Thursday, March 13, 2008

Antietam is on this year’s list of the 10 most-endangered Civil War battlefields prepared by the Civil War Preservation Trust, a District-based group that says land development is increasingly threatening the “hallowed ground” of these sites.

The group’s annual report released yesterday, “History Under Siege: A Guide to America’s Most Endangered Civil War Battlefields,” gives a bleak picture of the future of Civil War battlefields. It identifies 25 at risk because of development within or near the sites.

The list also includes Monacacy in Maryland, Cold Harbor and Cedar Creek in Virginia, and sites in Kentucky, Pennsylvania, Florida, Arkansas, Georgia and Tennessee.

The group touted Antietam — in Washington County, Md., and the site of one of the bloodies battles — as one of the most well preserved Civil War battlefields. But it said the battlefield is threatened by a cellular-phone tower that may be built in the area.

The trust says the site is virtually devoid of visual intrusions, giving visitors a sense of the battlefield as it was in 1862. The tower would rise 30 feet over the tree line and be visible from nearly all areas of the battlefield, according to the report. James Lighthizer, the trust’s president, said such a tower would be “a pollution of the visual environment.”

The group has preserved more than 25,000 acres of Civil War battlefield land since 1987.

Despite the progress, Mr. Lighthizer said the group will need to double its fundraising and garner more local and national awareness about battlefield preservation to continue its success.

“Our mission is to save as much of the important Civil War battlefield land as we can,” he said. “It’s going to be lost if we don’t do something quickly.”

Every day, 30 acres of battlefield land is lost due to land development, said Cricket Bauer Pohanka, a group trustee.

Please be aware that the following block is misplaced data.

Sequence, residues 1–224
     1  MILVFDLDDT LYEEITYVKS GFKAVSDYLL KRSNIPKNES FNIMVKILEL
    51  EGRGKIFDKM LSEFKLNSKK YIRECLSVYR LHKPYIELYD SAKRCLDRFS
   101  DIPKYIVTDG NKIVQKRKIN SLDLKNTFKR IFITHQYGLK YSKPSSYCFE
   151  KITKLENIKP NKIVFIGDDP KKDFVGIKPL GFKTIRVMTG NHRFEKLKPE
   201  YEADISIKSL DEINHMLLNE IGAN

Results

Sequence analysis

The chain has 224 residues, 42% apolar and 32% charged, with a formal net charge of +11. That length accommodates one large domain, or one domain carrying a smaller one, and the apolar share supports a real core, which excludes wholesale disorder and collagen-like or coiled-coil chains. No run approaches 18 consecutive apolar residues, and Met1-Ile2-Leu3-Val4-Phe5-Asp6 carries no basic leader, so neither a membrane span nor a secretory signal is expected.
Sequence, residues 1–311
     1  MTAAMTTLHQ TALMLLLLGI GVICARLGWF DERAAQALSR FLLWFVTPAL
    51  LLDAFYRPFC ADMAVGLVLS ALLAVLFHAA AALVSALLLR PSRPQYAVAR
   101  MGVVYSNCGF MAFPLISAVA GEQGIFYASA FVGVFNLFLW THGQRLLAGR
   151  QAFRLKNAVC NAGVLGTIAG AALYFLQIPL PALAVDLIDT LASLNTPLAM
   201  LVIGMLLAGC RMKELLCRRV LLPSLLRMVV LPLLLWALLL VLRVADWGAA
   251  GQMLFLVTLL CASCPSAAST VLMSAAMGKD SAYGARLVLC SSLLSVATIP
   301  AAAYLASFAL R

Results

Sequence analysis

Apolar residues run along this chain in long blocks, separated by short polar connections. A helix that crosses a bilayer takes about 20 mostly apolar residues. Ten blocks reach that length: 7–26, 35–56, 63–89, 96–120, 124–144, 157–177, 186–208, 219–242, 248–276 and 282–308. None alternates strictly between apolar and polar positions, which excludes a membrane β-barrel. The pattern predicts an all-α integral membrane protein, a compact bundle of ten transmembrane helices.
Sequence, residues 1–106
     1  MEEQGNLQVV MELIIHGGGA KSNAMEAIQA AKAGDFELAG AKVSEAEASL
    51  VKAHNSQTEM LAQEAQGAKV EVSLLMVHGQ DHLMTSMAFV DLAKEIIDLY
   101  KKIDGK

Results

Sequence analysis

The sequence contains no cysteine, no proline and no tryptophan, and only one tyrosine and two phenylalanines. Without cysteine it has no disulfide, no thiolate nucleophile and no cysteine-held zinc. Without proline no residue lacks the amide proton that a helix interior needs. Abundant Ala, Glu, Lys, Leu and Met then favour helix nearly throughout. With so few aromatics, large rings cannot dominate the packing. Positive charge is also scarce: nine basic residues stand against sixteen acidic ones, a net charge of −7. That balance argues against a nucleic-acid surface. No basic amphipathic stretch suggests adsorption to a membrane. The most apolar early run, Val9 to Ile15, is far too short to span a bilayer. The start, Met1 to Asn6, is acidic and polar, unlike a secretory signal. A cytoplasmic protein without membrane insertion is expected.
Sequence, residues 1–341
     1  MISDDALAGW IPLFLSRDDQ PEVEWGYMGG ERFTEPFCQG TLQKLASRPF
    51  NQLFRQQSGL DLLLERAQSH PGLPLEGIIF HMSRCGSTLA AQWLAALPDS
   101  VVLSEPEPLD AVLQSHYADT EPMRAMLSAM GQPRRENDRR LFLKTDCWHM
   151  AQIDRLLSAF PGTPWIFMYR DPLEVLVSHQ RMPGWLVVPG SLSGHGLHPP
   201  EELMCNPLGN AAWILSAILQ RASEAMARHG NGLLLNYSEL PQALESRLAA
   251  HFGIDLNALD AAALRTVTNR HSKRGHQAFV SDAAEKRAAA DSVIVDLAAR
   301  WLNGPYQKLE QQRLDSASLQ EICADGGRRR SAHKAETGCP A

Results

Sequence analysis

“If we were to stop now, nothing would be left in 10 years,” she said.

She said Cedar Creek in Virginia is being threatened by a proposed limestone mining expansion.

Last year, two energy companies were proposing the construction of a 500-kilovolt power line that would run through several Civil War battlefields, including Antietam and Cedar Creek.

Country singer Trace Adkins yesterday promoted the preservation group at a press conference and talked about his own interest in preserving Civil War battlegrounds.

Mr. Adkins’ great-great-grandfather served in the 31st Louisiana Infantry. He said his grandfather used to tell him stories about his ancestor’s exploits, including being wounded and taken prisoner by Union forces in Vicksburg, Miss., then re-enlisting in the Confederate army after being released.

“That’s what piqued my interest,” he said.

Another major concern for the trust is Cedar Creek, where Confederate Lt. Gen. Jubal Early attacked Union forces in the fall of 1864. Union troops, however, were able to rally and defeat the Confederates. The trust says the site is facing a triple threat: expansion of a limestone mining operation, proposed widening of Interstate 81 and the proposed expansion of power line construction.

Intense development pressure in the Richmond area is the reason the Cold Harbor battlefield is on the list. The 1864 battle saw heavily entrenched Confederate forces repel repeated attacks from a Union army nearly twice its numbers.

This article is based in part on wire service reports.

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